Saturday, November 21, 2015

The Marathon of Authentic Reenacting

Civil War reenacting is a world of its own.  And not just a world, but an art.
 If only the spectators that gather to watch a battle on Saturday afternoons knew what goes on when they're not around! If only the general public knew what goes into making a truly authentic reenacting impression!
Every reenactor is on their own journey - hopefully to a better state of authenticity. 
However, some folks don't seem to give a rat's heiny for representing the past correctly, and that's just how it is. The sad reality is that there are far too many Civil War reenactors (in Florida, anyway) that just don't care about taking the effort to do it right, and some are even almost proud of it. 
I'll be honest with y'all - these people drive me smack-dab crazy and make me want to smash things. Especially when they're the ones that get covered by the media or local press.
 It bothers me when the spectators crowd around them for pictures, unknowingly calling it "period dress" and believing that what they're seeing is a copy of something from the past. 

It bothers me when you get questions and comments like:
"Is that real fire?" (Why don't you touch it and find out? Har har har. xP) 
"Are you Amish? Mennonite?" (Last I heard, neither of these groups would condone the amount of color in the fabrics I'm wearing for my Civilian impression, let alone the idea of a woman soldier.) 
"See kids, that's how they spent their time back then! They didn't have TV and cell phones so they had to play musical instruments instead!" (GRRRR, JUST GRRRRR WHAT'S WRONG WITH PLAYING MUSIC INSTEAD OF WATCHING TV?!) 
"Gosh, I'm glad I'm not wearing all those layers! You poor thing, you must be soooo hot!" (If women could do it for over two centuries, I'm sure I'll survive, thanks.) 
"Did that tiny waist just come with your outfit or is it real?" (Ummmmm...?! Excuse me?? No, I got a plastic fake waist installed just so I could fit these clothes. Seriously what the even...) 

By the way, these were all real things people have said to me at some point in my reenacting journey. I know, it's ridiculous. 
Maybe we just have done a poor job of educating people properly; maybe most Americans would rather be watching a popular TV show than spending their free time researching history. 
Either way, the general impression is that most spectators have no idea what's accurate and what's not at a Civil War reenactment. (Kudos to those who actually do, I know you're out there! PLEASE TELL ME YOU DO ACTUALLY EXIST)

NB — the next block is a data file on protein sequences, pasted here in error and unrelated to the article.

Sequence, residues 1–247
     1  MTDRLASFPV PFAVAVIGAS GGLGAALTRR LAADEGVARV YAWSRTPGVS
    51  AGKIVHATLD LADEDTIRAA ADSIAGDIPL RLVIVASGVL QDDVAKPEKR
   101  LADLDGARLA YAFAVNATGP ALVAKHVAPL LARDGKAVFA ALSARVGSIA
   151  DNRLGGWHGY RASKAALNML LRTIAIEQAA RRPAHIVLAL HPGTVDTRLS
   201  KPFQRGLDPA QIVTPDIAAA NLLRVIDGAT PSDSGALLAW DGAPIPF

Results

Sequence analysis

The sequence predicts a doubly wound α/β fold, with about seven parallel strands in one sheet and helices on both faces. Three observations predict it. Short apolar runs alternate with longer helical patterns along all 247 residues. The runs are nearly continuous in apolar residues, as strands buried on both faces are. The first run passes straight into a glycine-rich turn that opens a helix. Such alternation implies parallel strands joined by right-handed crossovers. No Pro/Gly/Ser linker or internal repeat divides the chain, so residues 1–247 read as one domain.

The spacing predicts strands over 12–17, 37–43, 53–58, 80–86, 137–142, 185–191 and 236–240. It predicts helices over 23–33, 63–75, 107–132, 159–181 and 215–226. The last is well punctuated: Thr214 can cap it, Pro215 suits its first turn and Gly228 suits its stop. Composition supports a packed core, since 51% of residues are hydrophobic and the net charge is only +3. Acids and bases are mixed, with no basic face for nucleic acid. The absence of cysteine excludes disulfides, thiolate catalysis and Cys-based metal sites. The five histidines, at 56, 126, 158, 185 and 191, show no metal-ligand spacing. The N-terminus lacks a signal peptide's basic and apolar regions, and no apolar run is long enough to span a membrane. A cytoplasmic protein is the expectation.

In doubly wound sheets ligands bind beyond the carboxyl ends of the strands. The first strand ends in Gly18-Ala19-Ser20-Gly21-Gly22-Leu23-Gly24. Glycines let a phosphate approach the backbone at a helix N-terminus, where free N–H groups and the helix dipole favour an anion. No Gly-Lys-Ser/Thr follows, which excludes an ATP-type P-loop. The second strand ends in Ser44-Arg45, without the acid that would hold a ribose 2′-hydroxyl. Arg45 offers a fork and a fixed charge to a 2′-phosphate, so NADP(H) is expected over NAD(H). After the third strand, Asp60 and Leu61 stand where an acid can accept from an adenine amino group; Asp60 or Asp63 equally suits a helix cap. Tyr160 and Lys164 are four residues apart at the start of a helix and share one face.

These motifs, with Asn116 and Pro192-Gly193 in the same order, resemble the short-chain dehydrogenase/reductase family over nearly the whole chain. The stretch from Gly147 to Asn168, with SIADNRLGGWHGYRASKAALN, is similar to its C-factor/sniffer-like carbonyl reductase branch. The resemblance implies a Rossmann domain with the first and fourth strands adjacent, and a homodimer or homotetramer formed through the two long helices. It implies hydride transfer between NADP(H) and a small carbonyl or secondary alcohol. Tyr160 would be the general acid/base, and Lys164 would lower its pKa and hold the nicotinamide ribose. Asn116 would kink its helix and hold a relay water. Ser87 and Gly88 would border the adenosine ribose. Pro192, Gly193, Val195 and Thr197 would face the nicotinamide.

I so desperately want to change this. It's part of the reason I reenact to begin with. I know I don't have it all together yet, but I'm doing my best and I'm doing my research. I know my pagoda-sleeved blue day dress is made of cotton instead of wool or a nicer material as pagoda sleeves were usually made out of. I know I still need to buy a quality hoop, for the proper 1860s skirt silhouette. I know my bangs need to be grown out completely. 
It's a work in progress. 
At least I know my goals and I acknowledge my previous mistakes. I live and learn, I adapt and try to conform to what I have researched and studied concerning the War and life in that time period for the region I'm in. 
I know what I'm aiming for in the future. I'm going for as close to true authenticity as possible and even though it will take a while to achieve this, I'm willing to do what it takes to get there. 

Crinolines: the bane of my existence 
Even for no other reason than just to be one other female reenactor who is giving the public an accurate picture of what our American ancestors looked like. It's worth it.

Reenacting is so much more than portraying history, though. 
It is a social club, a chance to get away from the modern world for a little while, and even an opportunity for relaxation for some. It's a way to meet new friends, and form bonds that last for years even if you only see your reenacting family a few times a year. 
Also, if you're single and looking to mingle? You might just end up meeting the love of your life. Who knows? There are a lot of single folks in the hobby!

Florida doesn't have many events in comparison to some northern states, and unfortunately, a lot of our CW events are very farby. (aka, lacking historical accuracy on many levels)
 But you know what? Most of the time, you don't go just for the event itself. You go for the people. For the chance to dress in old clothes, throw modern conveniences to the wind and hang out with your friends for a weekend. 

It's wonderful. 

When I think about how I've only been truly reenacting for three years come January, (five if you count my farby days of dressing in "prairie clothes" at Ocali Country Days in my early teens) I feel very blessed that I got in with a good circle of supportive people. 
Even though I've written a book on the War, and have been studying it for nearly a decade of my life, I keep forgetting that it wasn't long ago I was one of the most-inaccurate-looking girls at the events.
And that kinda scares me. I used to be one of those people that knew what they were /supposed/ to do, but wanted to rebel just because I could. Take for example, wearing my hair down instead of up and parted as is 1860s customary. I knew it wasn't right, but I didn't care. 
Anyway, only in 2015 have I really started putting my research to use and begun 'walking the talk' by taking the jump from mainstream to authentic reenacting. 
God blessed me by putting a few different people in my life over that period who made me feel at home at events, and helped me meet new connections so that I didn't feel like an outsider. 

While I didn't have anyone to guide me and show me the do's and don'ts of reenacting, or point me to research I needed, somehow it all worked out fine. 
Doing my own research and having some kind, thoughtful friends in the hobby was enough. 

exhibit a: from the VERY early days of my "living history impressions". 2013. That look is about what my reaction now is to my hair being down at an event and wearing an eBay special with no corset or proper underpinnings...